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SANTA PAULA : Young Students Get Early Look at Computers

September 17, 1993|JEFF MEYERS

Every day for an hour, Santa Paula kindergarten and first-grade students put away their crayons and coloring books and sit down in front of computers.

The children, some too young to push pencils or spell correctly, learn phonetic spelling and creative writing using an IBM software program called "Write to Read."

Aside from increasing their writing skills, the program "certainly lets the children become familiar with computers at a young age," said Debbie Willeford, computer specialist for the six-school Santa Paula Elementary School District. "They love doing it and are enthused about learning."

The computers--12 to a classroom--are user-cuddly, patiently teaching simple sounds and repeating them dozens of times if necessary. A phonetic alphabet enables students to express creative thoughts without knowing how to spell.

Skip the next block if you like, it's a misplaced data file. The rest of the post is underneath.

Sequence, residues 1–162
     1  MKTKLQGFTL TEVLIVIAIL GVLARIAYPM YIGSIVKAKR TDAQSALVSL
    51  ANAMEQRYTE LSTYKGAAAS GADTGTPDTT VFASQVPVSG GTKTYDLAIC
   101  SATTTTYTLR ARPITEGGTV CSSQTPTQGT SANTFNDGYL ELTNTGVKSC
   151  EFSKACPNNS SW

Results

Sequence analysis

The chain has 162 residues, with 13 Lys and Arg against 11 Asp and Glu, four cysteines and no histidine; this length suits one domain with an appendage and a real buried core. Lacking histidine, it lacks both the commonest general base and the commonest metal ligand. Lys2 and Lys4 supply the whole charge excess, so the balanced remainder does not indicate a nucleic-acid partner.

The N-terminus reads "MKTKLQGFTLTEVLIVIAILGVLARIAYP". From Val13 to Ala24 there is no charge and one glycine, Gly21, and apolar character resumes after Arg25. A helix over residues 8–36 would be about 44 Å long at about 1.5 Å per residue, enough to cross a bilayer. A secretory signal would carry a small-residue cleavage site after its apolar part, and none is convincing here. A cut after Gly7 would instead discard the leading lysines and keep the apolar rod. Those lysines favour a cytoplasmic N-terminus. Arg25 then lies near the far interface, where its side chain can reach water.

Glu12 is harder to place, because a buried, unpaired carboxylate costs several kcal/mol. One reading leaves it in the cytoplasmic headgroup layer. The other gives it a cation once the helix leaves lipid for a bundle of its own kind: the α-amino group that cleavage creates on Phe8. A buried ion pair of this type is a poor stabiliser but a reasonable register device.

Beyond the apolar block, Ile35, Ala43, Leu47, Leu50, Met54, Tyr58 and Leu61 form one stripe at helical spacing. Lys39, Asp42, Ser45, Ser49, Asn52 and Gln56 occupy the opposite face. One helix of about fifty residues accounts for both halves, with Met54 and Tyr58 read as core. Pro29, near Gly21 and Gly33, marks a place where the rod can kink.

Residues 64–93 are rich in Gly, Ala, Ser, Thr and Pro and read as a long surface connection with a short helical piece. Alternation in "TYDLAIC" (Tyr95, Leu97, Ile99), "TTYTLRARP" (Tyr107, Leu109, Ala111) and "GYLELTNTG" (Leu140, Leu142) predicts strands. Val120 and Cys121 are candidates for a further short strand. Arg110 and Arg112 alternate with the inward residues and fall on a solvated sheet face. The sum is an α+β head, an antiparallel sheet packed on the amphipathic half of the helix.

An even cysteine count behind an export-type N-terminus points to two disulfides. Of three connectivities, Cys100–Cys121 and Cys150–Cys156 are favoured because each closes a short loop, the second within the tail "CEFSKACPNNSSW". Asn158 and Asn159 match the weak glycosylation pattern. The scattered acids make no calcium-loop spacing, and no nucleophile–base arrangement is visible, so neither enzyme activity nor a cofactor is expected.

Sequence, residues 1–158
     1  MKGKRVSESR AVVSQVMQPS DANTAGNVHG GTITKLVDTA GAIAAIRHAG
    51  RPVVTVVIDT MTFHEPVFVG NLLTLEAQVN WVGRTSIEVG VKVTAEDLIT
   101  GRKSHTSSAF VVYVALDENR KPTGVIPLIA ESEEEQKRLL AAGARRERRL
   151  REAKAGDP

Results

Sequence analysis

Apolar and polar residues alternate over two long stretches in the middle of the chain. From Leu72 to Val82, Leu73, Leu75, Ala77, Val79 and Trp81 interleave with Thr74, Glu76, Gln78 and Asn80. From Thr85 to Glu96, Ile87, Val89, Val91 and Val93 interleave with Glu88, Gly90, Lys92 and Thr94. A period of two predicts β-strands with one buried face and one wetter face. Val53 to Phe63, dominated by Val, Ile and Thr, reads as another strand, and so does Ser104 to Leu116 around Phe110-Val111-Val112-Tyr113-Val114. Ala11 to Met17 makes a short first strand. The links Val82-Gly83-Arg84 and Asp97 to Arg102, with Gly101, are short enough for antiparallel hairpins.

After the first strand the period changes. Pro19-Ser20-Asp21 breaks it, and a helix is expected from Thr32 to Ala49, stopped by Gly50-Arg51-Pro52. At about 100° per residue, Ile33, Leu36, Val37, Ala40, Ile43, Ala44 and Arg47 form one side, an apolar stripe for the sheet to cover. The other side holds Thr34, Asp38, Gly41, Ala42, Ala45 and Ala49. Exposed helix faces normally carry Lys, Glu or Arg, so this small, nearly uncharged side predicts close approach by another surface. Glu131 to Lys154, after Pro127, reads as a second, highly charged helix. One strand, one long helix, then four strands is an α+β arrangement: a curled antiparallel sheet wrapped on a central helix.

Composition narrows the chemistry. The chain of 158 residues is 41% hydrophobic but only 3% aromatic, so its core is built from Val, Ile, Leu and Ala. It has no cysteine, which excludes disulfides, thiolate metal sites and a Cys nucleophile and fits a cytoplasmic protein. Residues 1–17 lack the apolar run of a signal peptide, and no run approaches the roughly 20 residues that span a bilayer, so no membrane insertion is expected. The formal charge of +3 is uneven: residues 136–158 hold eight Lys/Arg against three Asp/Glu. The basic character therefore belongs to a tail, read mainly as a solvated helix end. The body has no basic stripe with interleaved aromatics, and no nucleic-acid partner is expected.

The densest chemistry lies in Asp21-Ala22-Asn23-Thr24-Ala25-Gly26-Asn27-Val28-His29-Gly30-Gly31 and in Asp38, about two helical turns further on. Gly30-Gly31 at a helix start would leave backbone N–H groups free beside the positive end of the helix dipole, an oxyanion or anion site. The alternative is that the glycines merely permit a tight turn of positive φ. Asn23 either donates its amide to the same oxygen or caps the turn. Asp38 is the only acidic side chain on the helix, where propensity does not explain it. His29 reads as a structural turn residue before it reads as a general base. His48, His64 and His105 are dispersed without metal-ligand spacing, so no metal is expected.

"If you can say the word, you can spell it," Willeford said. "We allow the children to use inventive spelling. So a student can write a free-flowing thought without having to worry if words are spelled right or wrong. Getting their creative juices flowing is the goal."

Although many adults can grow two thumbs at the sight of a computer, some youngsters actually do better work using a computer than a pencil, which can be a barrier to learning for students lacking hand-eye coordination, Willeford said.

Studies have shown the value of introducing young children to computers. Earlier this year, a study of other Ventura County students using "Write to Read" showed them having writing growth two levels higher than students who didn't have classroom computers.

"Seeing the program in action is believing," Willeford said. "The program gives the children confidence. They write more and more because they feel they can."

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